Teachers at EMHS go the extra mile


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Teachers at Edmond Memorial work hard to teach their students and earn their masters.

Adeline Gruen, Staff Writer

While oftentimes schools focus on the accomplishments of their students, the teachers who work hard in the background also deserve recognition. Many teachers at Edmond Memorial High School (EMHS) are going, or have gone back to, school to earn their master’s or doctorate degrees.

Different teachers have different reasons for going back to school. For Advanced Placement (AP) Language teacher Kevin McDonald, who earned his masters in English Literature, and AP U.S. History teacher Dalton Savage, who earned his masters in Instructional Leadership and Academic Performance, it is by advancing their own knowledge to be better teachers for their students.

“I believe that it’s essential that teachers can continue [to learn], so as our students are learning everyday, we learn from our students,” Savage said.

Sophomore English teacher Nicole Damas is currently attending the University of Central Oklahoma (UCO) to earn her master’s in Adult Education and E-Learning. She sees this degree as something that will be able to help her in the long run, no matter where she ends up.

“The degree that I’m getting is for higher education which interests me personally, but also it’s an e-learning degree so it is heavily focused on online facilitation which is the way our world is turning,” Damas said.

Another reason to go back to school in order to earn a master’s degree is the $1,000 dollar salary bump that teachers are given in Oklahoma. However, trying to earn this bump can be costly and hard to do when teachers are trying to start a family. While earning a masters is usually a two-year program, McDonald earned his masters over five years with help from UCO’s voucher program that gives three credit hours to teachers who have a student teacher from the university.

“I think the big thing I had to understand going in is that I was going to take one class, maybe two classes, a semester and that was just going to be the reality,” McDonald said. “That was the only way I could do it. My family was not in a financial position where I could take two years off from work and just go to school full time so if I was going to get a degree that was how it was going to happen.” 

Senior English teacher Christy Nieves, who is working on her master’s in Educational Leadership, tries to maximize her time at school so she doesn’t have to grade papers at home.

“I work through lunch so I can grade papers and set up Canvas. When I’m home I give myself about an hour break, then get dinner for my family. Afterward, I usually dedicate three to four hours a night working on my grad school,” Nieves said. 

Another way for teachers to make sure everything is being completed is by scheduling out their week. Librarian and Assistant Varsity Cheer Coach Bekah Joash is working on her master’s in Library Media in Education at UCO and tries to work on her homework week by week.

“If there’s a week that I know that I’m really busy, the other cheer coaches will step in. Mrs. Gilliam is really helpful as well because she has been working in the library for a long time. I’m able to ask her advice as I work on assignments,” Joash said.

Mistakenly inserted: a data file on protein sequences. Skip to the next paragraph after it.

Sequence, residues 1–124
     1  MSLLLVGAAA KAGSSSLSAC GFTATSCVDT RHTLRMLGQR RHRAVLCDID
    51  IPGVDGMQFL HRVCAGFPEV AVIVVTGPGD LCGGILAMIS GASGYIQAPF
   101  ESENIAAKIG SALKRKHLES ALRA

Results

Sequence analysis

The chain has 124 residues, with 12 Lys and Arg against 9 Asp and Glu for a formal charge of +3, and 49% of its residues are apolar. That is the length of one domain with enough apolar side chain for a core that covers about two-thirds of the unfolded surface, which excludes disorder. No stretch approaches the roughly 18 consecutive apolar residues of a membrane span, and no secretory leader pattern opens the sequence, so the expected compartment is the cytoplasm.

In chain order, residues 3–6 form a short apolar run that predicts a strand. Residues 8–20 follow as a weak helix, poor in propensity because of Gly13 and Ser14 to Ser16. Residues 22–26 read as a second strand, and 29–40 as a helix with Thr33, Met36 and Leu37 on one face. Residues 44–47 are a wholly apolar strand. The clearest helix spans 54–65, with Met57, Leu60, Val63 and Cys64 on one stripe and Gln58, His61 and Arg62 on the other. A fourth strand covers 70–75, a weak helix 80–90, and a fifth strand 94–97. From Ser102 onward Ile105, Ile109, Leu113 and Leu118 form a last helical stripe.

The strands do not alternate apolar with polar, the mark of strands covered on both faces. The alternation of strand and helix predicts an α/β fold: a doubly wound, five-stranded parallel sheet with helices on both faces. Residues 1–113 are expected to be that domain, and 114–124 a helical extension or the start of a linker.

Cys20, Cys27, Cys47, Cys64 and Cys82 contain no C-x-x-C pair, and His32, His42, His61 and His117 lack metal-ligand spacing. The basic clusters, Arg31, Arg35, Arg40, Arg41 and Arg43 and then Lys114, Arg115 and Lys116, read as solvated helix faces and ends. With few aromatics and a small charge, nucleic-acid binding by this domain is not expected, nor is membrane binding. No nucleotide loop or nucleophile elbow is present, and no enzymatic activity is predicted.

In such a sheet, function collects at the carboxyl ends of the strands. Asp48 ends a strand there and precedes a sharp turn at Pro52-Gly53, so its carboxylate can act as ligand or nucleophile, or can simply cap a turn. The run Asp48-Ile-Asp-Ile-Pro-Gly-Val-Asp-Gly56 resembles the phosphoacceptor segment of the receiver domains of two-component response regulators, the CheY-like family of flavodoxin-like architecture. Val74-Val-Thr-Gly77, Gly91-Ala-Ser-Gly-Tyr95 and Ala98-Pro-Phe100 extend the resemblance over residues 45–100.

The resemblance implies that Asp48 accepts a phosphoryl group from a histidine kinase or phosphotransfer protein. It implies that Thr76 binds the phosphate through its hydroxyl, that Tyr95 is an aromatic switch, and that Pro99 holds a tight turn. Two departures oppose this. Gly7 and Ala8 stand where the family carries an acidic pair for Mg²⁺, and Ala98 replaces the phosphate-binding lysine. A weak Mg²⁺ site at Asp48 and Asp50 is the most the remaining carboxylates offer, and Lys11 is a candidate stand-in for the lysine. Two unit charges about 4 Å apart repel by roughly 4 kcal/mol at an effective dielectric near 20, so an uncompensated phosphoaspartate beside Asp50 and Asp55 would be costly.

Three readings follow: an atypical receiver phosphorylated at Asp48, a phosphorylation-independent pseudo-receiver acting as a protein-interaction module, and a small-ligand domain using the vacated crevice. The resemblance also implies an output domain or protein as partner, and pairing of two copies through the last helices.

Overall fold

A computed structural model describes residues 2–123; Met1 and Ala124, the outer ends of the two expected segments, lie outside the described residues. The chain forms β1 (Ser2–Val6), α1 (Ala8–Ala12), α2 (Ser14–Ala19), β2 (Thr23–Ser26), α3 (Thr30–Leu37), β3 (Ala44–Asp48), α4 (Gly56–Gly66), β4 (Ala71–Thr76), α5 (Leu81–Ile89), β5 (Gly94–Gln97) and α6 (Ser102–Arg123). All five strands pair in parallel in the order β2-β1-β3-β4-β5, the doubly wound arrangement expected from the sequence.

COVID-19 saw many teachers switch to online classes, but Savage, who completed his master’s in the fall of 2019 at the University of Oklahoma (OU), had to drive anywhere from 30 minutes to an hour to go to class.

“It was difficult especially when I was living and having to commute to school everyday. I went to classes at OU a couple of times a week and driving back and forth was challenging, especially with other obligations at the schools such as coaching duties,” Savage said.

Because the schools are so supportive of their teachers pursuing higher education, many teachers and staff including Brook Bullock, Leslie Futrell, Myka Gilliam, Jacqueline Hirlinger, and Sally Stewart help those currently working on their masters achieve their goals whether they are working alongside them or have already achieved their degree.

“I have a group of teachers that I talk to about the things that I’m studying just to kind of bounce ideas off sometimes because I’m a bit of an extroverted thinker,” Senior English teacher, Melanie Stephens said.

Working on even one degree while teaching is a lot but Stephens is looking to also earn her Doctorate of Philosophy (Ph.D.) after she finishes her masters in Liberal Studies at UCO. She plans to participate in UCO’s foreign exchange program in Wales.

“I’ve thought about using it to teach college, but I know that getting a tenured position is kind of difficult and, honestly, I like teaching high school so it gives some extra opportunities and options,” Stephens said.

The Head Principal Dr. Tony Rose was able to recently earn his Doctorate of Education (Ed.D.) from Oklahoma State University in school administration. He worked with other administrators around the district who were also working on the same degree.

“I was part of a cohort, a group of administrators in the metro area that finished the program together. It was really helpful having colleagues there that you’re kind of in the trenches with and being able to go with them through the classes and the coursework,” Rose said. “I would say we all helped each other and pushed each other to get through the program.”

These teachers are working their hardest for their students and furthering their education. The EMHS community is happy to have such hardworking and dedicated teachers.

Contact Adeline Gruen at [email protected]